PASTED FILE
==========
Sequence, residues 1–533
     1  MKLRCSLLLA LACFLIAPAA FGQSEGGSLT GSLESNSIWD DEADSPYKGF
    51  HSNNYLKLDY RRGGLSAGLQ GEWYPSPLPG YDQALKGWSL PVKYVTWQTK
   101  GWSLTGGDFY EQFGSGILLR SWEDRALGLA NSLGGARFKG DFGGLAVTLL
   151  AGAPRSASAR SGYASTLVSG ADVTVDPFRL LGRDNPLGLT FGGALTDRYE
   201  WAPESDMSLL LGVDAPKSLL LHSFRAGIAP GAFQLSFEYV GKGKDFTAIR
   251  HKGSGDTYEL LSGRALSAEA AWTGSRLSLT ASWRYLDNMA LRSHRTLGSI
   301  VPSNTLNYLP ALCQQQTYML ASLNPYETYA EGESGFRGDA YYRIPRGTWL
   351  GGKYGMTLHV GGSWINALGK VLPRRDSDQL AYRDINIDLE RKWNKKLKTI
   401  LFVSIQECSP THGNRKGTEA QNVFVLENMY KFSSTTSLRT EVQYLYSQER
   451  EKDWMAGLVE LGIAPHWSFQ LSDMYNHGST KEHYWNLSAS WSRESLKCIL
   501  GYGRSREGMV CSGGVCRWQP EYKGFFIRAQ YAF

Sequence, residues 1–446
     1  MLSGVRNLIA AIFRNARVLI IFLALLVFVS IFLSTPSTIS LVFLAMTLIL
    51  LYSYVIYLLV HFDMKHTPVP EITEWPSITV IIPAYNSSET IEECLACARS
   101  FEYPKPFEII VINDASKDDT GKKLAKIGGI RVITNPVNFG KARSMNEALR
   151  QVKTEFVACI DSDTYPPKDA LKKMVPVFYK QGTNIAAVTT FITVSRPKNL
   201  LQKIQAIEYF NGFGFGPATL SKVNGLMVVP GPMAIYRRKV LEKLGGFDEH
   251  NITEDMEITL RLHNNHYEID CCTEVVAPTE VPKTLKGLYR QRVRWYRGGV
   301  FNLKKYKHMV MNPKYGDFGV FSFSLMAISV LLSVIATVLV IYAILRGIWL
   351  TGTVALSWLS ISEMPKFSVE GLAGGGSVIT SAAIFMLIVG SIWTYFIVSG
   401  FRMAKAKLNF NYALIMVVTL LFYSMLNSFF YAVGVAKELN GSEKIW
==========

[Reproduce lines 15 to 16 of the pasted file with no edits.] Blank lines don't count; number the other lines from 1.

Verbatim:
    51  LYSYVIYLLV HFDMKHTPVP EITEWPSITV IIPAYNSSET IEECLACARS
   101  FEYPKPFEII VINDASKDDT GKKLAKIGGI RVITNPVNFG KARSMNEALR